02 February 2018 #Employment
The recent case of Royal Surrey County NHS Foundation Trust v Drzymala serves as a reminder to employers that the non-renewal of a fixed term contract will be a dismissal and that the usual principals governing unfair dismissals will apply.
Ms Drzymala was employed by the Trust on a series of successive 6-month fixed-term contracts. She applied for a permanent role but was unsuccessful. The Trust suggested there may be future Specialty Doctor roles, however she did not want to discuss this. Ms Drzymala’s contract terminated in September. The dismissal letter did not mention a right to appeal or any information regarding alternative employment. Ms Drzymala submitted a formal grievance at which point the Trust confirmed she did indeed have a right to appeal, but that this would not have affected the grievance outcome.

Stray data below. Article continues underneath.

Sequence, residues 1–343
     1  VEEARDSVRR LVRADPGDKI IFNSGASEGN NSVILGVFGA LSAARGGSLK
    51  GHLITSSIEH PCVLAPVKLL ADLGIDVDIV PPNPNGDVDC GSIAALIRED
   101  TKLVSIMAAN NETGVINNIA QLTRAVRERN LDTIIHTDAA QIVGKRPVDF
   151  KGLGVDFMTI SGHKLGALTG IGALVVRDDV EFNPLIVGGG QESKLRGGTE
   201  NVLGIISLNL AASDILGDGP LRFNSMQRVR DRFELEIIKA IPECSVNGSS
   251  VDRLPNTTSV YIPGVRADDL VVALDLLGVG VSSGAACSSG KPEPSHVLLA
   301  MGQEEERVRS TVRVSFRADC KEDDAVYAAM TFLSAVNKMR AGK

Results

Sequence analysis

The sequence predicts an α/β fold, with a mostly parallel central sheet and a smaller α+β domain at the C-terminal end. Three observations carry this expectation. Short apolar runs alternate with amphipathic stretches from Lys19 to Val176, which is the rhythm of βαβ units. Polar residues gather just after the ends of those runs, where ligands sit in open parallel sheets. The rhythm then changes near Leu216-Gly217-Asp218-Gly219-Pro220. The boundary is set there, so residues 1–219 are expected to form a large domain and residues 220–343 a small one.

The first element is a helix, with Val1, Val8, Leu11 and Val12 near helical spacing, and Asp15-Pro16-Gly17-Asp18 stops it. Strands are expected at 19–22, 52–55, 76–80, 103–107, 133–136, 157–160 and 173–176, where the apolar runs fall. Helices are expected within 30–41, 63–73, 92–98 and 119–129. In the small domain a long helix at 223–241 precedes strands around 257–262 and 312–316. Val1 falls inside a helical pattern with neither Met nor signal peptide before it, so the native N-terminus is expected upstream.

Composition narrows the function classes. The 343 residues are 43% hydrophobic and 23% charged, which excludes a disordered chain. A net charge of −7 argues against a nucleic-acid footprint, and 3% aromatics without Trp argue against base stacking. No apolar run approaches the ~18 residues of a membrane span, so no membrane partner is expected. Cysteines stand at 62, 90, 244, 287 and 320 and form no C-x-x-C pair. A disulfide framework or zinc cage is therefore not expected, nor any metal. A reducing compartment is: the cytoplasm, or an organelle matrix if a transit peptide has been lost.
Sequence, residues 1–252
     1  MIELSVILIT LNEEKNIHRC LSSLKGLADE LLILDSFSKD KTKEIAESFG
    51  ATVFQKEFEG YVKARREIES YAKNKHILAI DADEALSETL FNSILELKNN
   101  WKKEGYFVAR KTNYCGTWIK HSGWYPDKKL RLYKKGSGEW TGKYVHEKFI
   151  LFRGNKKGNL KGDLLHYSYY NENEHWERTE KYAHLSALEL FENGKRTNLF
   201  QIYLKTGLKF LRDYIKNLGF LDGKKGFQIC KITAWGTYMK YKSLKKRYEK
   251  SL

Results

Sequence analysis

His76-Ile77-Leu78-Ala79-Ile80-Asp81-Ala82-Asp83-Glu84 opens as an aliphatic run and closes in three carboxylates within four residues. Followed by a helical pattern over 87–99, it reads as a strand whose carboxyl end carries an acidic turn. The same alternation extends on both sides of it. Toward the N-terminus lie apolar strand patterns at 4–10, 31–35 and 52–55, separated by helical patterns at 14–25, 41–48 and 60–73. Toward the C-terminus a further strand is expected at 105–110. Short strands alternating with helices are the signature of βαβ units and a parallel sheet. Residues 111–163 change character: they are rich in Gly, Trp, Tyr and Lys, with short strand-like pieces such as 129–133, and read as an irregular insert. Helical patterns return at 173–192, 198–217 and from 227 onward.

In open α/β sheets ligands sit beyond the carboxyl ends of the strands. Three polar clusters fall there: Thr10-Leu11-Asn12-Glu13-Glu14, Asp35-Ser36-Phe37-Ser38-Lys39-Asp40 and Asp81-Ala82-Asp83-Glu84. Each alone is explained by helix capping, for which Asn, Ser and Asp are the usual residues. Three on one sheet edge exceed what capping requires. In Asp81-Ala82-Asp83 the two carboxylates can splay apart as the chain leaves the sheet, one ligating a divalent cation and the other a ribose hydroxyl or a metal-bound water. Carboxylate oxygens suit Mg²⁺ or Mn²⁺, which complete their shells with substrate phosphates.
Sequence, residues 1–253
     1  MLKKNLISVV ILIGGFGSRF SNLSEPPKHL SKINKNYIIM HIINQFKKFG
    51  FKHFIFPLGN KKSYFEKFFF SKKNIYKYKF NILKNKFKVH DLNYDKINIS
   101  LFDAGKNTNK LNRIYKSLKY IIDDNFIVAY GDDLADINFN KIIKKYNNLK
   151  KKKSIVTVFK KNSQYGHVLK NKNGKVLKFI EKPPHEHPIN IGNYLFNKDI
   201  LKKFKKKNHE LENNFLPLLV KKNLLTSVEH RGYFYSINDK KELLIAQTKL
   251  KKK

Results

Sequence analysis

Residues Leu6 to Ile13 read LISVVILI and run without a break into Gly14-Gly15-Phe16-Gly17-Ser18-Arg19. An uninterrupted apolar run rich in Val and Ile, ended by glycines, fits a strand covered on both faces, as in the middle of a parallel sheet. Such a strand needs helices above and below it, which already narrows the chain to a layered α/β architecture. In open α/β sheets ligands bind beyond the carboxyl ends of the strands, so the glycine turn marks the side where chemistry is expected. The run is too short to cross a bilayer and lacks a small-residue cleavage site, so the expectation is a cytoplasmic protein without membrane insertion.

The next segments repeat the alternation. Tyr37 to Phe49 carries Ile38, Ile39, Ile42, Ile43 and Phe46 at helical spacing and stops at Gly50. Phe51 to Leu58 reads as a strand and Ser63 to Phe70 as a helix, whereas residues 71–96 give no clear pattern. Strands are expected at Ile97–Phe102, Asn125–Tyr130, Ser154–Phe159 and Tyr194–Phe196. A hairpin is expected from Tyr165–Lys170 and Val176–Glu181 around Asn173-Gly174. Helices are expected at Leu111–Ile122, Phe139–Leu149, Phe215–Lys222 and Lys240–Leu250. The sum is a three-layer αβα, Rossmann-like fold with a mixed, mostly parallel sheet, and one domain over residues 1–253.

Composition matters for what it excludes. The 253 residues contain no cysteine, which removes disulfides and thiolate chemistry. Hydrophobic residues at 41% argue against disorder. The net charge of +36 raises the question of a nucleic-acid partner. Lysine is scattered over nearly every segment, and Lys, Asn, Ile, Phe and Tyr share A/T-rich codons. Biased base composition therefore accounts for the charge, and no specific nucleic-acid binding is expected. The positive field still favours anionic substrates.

The ET held the dismissal was unfair and were “concerned” because the Trust failed to pursue discussions about the Specialty Doctor role or inform Ms Drzymala’s right to appeal straightaway. Dismissing the appeal, the EAT re-stated the established principle that the non-renewal of a fixed-term contract constitutes a dismissal and, therefore, the usual requirements for reasonableness and fair procedure still apply. It also highlighted that the fact that compliance with the Fixed-term Employees (Prevention of Less Favourable Treatment) Regulations 2002 was no defence to an unfair dismissal claim.
Employers should remember that non-renewal of fixed-term contracts can give rise to unfair dismissal claims. It is crucial that there is a fair reason for the dismissal, a fair process was followed (which includes considering alternative roles) and that the employer acted within the range of reasonable responses in treating that reason as a sufficient reason to dismiss.